Poet, playwright and new dad William Butler Yeats, 56, is writing to his friend in New York City, art collector John Quinn, 51. Yeats and his wife, Georgie, 28, have just returned from taking their baby son, Michael Butler, one month old, to Dublin for an operation. All went well, however, Michael might need more surgery, in London, next month.
But the Yeatses arrived home to find out that, once again, his father, painter John Butler Yeats, 82, has cancelled his booking to sail back home to his family in Ireland. This time he blamed it on some recent sickness.
W. B. Yeats by J. B. Yeats
Both Willie and Quinn have virtually ordered JB to come home. Quinn is resenting taking care of the older man, and Yeats has told his father point blank that, with his growing family, he can no longer afford to his support Dad’s American lifestyle.
Quinn has booked JB, once again, to sail in November and has put down a deposit.
Irish poet and playwright William Butler Yeats, just turned 56, living in Berkshire, England, with his pregnant wife, is convinced that he has finally gotten his father to agree.
His Dad, painter John Butler “JB” Yeats, 82, has been living in New York City for 13 years. He went over on holiday and just decided to stay. Despite constant entreaties from his son and daughters.
Yeats’ friend, Irish-American lawyer John Quinn, 51, has been looking out for JB, but he’s running out of patience with the older man’s demands. And, with a baby on the way, Willie can’t afford to keep covering Dad’s expenses.
Willie has issued an ultimatum and Quinn is booking JB passage back to Ireland for this fall.
Yeats’ sister Lolly, 53, a publisher and teacher, is thrilled that Dad will be coming to live with her and her sister Lily, 54, an embroiderer, in the Dundrum suburb of south Dublin. They have painted his room and bought him a new bed and mattress.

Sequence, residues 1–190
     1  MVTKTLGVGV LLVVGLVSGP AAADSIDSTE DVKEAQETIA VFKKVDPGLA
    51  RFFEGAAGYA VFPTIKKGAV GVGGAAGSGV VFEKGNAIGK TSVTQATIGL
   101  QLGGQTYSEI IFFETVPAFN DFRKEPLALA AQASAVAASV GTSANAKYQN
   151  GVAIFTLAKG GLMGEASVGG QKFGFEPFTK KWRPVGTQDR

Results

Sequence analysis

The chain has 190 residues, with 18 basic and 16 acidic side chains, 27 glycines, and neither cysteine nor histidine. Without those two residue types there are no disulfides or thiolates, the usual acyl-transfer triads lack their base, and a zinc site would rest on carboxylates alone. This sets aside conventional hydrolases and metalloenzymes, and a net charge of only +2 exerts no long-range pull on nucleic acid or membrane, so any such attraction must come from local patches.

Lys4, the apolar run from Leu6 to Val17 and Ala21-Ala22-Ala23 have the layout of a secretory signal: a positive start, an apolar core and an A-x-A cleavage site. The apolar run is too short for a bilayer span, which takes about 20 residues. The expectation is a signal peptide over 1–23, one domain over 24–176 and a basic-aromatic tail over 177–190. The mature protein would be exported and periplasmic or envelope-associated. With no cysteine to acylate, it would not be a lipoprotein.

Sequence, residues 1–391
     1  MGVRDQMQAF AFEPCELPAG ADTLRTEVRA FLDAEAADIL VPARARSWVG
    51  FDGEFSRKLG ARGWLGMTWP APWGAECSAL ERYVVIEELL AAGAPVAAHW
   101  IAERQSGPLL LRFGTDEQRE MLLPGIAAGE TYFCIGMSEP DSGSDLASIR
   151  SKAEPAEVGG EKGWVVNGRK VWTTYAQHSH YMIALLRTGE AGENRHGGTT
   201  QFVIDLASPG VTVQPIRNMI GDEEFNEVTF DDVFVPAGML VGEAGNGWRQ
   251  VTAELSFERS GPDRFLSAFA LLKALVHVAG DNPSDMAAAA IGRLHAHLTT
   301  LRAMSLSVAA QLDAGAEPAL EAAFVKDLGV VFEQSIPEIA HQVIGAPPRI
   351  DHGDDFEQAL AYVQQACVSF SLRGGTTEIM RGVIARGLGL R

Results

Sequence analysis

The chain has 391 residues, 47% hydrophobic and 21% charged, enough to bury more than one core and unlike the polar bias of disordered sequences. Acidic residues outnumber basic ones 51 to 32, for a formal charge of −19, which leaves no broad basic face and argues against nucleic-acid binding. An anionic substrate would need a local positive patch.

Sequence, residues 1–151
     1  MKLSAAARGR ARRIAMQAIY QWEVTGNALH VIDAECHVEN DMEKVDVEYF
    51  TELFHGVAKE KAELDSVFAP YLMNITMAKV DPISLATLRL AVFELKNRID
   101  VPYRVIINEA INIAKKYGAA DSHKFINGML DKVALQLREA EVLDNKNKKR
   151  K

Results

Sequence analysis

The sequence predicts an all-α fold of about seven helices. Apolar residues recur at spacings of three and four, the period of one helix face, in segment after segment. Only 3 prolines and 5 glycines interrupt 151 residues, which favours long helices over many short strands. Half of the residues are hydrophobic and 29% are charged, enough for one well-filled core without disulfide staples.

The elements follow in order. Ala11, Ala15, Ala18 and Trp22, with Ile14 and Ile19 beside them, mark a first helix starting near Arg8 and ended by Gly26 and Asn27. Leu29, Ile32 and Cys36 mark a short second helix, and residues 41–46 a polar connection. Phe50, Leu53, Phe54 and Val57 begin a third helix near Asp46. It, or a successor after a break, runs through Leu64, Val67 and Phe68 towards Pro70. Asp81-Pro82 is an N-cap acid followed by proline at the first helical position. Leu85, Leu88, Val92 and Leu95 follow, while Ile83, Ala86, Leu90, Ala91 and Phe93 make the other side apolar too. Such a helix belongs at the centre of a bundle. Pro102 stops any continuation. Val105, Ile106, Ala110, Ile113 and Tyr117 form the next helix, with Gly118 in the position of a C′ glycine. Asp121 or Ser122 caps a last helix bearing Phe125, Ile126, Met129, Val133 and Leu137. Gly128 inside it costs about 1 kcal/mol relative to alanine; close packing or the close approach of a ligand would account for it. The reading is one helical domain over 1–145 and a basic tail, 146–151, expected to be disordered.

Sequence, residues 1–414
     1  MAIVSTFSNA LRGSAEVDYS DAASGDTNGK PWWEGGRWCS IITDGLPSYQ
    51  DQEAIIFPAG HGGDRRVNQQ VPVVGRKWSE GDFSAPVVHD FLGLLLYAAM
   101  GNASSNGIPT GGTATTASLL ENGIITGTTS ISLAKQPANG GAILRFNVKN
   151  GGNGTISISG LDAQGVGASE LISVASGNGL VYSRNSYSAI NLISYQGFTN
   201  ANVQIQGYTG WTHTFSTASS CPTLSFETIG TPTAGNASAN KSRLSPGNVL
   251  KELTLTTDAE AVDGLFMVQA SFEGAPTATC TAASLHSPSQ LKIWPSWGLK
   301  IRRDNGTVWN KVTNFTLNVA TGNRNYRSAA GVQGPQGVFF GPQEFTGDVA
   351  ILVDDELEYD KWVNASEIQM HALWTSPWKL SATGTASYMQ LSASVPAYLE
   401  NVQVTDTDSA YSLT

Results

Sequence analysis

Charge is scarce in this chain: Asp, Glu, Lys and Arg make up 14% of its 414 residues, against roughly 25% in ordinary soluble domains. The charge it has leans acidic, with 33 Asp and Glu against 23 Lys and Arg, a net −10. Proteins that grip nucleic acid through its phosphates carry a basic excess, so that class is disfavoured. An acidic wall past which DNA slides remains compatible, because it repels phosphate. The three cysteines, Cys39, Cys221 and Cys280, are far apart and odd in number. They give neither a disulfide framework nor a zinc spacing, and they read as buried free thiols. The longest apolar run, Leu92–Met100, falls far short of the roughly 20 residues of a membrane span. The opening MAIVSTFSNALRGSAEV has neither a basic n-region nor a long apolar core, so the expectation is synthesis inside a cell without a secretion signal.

Lily Yeats at Bedford Park by JB Yeats
Yesterday Lolly wrote to assure her father that in the intervening 13 years, his daughters have changed. They’re no longer irritable and over-tired, and they look forward to just sitting and chatting with him. Their brother, Willie, however, is wondering whether Dad will be able to stick to a curfew.
In Manhattan, JB Yeats is in no humor to go back to his family.
He has just read parts of Willie’s family memoir, “Four Years,” scheduled to appear in TheDial literary magazine. Dad has a big problem with at least one item in the text. Back when the family lived in the Bedford Park neighborhood of West London, young Willie left for two weeks to do some research in Oxford. In the memoir he describes the family as “enraged” at his absence.
Yeats’ family home in Bedford Park
Not the way Dad recalls it. He remembers the loving family being supportive of this overgrown teenager.
Yesterday he wrote to Willie,
As to Lily and Lollie, they were too busy to be ‘enraged’ about anything. Lily working all day…, and Lolly dashing about giving lectures on picture painting and earning close on 300 pounds a year…while both gave all their earnings to the house. And besides all this work, of course, they did the housekeeping and had to contrive things and see to things for their invalid mother…”
He admonishes his son for choosing a career writing plays and establishing Dublin’s Abbey Theatre with Lady Augusta Gregory, 69, and other friends. If he were a good son he would have collaborated with his artist-father, and thereby helped both their careers.
And by the way, Dad isn’t coming back.
The W. B. Yeats Bedford Park Artwork Project, a community-led arts/education charity, is working to install a major contemporary sculpture, the first ever honouring Yeats in Britain, at the former Yeats family home. Find out more here.
This summer I am talking about The Literary 1920s in the Osher Lifelong Learning program at the University of Pittsburgh. This fall, at the Osher program at Carnegie-Mellon University, I will be talking about Writers’ Salons in Dublin and London before the Great War.